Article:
Managing challenging behaviors can make or break a physical education class. As an adapted physical education teacher for grades K-5, I know that physical activity and movement often bring students to a heightened state — and if we don’t teach them safe and appropriate coping skills, they may demonstrate undesirable behaviors in class.
In this article I will share strategies for promoting positive behaviors in physical education so you can set up your class for success. Within each strategy you’ll also find specific examples that reinforce the strategy.
1. Prioritize Planning
We all put a great deal of time and effort into our unit and lesson planning — but it’s important to think beyond the overall objectives of the lesson if you want to create an environment where students can practice and engage in positive behaviors.
Start by establishing set routines and then clearly share the schedule of activities for each lesson. This can ease the anxieties some students have which may cause them to act in an undesirable way. When students are comfortable and aware of what will happen in each PE class, they can take the energy they would have spent worrying about what comes next and direct it toward more positive thoughts and actions during class.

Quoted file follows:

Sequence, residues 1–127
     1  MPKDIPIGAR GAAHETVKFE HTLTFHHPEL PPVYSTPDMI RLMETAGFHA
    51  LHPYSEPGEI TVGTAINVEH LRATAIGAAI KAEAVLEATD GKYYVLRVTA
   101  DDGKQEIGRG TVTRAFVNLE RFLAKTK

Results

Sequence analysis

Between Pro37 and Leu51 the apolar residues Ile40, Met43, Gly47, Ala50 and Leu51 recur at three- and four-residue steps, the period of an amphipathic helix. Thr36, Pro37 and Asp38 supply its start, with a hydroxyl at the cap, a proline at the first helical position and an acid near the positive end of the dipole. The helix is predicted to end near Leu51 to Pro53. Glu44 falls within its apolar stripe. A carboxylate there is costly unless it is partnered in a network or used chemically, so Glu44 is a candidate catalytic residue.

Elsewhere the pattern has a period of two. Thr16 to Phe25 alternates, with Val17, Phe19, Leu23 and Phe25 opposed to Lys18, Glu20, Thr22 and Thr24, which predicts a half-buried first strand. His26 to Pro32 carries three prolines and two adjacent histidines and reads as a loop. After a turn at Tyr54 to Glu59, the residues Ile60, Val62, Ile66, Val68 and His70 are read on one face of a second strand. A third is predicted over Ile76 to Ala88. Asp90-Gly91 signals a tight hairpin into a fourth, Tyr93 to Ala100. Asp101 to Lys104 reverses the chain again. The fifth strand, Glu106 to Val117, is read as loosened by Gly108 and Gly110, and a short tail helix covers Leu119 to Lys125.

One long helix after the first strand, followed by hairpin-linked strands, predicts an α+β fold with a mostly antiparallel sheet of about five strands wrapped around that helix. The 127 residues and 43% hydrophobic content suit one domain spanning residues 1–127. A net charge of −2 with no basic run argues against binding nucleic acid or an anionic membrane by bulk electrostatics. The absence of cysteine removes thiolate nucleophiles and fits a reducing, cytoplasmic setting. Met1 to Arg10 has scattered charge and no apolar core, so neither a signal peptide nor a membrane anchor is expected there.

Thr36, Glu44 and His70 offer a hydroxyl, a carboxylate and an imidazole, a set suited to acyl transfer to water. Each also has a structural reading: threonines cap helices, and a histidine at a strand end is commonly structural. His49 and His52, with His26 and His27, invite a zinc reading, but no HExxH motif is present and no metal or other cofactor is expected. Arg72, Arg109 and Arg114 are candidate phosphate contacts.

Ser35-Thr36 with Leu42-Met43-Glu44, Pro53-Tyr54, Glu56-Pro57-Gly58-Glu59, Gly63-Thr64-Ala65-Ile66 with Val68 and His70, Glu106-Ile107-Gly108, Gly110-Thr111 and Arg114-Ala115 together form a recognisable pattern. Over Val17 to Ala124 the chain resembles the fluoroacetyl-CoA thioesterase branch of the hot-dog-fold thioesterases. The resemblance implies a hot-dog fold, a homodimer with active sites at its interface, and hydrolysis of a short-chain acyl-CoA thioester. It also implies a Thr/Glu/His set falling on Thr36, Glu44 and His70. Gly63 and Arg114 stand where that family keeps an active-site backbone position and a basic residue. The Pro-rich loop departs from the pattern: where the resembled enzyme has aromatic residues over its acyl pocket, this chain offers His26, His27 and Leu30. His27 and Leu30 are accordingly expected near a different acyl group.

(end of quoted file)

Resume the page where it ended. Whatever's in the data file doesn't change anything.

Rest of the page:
Organizing and clearly defining your gym or other class area can also promote positive behaviors. When setting up your space, think about how the students will move through the activities and how you will transition from your instruction to the main activity.
Do students have to retrieve or return equipment? Do you have to adjust any equipment in between activities? These transitions and idle time can create a situation where students may find ways to display undesirable behaviors. Set up your space with clearly defined transition areas and use as much of your space as possible. Quickly transitioning from activity to activity will limit the down time for students and keep them focused on the task at hand.
2. Streamline Student Equipment Selection
When it comes to equipment, students can be very selective. Students may have a particular ball they like the best or they may want the ball their peers are currently using. If given the opportunity to freely select whatever equipment they want to use, students can become involved in easily avoidable conflicts.